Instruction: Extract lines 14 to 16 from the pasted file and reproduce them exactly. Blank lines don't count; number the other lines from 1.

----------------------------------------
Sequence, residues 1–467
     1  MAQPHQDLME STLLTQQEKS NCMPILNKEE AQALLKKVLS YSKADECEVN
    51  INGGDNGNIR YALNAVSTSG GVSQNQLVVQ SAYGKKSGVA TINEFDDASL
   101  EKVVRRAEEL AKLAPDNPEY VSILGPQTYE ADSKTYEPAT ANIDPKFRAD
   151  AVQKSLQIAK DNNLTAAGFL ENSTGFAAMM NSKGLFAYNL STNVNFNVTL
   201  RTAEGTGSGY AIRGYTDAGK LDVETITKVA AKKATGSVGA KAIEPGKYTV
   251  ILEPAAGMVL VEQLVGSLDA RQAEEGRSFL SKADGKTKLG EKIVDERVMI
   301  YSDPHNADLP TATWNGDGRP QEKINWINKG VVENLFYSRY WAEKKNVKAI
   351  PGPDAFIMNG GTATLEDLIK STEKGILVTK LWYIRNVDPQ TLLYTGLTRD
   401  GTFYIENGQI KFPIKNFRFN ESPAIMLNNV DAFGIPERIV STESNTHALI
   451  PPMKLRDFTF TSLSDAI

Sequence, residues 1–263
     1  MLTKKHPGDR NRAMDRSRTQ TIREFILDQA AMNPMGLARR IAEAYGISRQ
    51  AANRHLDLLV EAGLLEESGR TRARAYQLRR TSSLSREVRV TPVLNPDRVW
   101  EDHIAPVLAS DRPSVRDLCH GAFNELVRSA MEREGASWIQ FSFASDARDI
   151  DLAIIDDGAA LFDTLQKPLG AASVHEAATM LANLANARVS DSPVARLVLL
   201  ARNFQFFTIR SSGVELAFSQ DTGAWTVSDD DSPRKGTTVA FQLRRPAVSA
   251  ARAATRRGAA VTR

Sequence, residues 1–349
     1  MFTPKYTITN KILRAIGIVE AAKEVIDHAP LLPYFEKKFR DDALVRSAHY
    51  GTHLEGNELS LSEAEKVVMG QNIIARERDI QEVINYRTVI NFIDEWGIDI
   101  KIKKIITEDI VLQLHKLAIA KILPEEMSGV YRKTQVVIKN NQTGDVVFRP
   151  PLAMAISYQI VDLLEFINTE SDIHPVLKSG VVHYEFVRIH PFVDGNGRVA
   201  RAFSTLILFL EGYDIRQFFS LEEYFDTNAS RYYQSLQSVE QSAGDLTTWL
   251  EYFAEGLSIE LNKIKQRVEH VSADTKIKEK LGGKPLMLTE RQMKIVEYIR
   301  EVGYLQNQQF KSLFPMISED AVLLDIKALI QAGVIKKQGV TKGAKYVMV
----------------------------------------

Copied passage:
    51  AANRHLDLLV EAGLLEESGR TRARAYQLRR TSSLSREVRV TPVLNPDRVW
   101  EDHIAPVLAS DRPSVRDLCH GAFNELVRSA MEREGASWIQ FSFASDARDI
   151  DLAIIDDGAA LFDTLQKPLG AASVHEAATM LANLANARVS DSPVARLVLL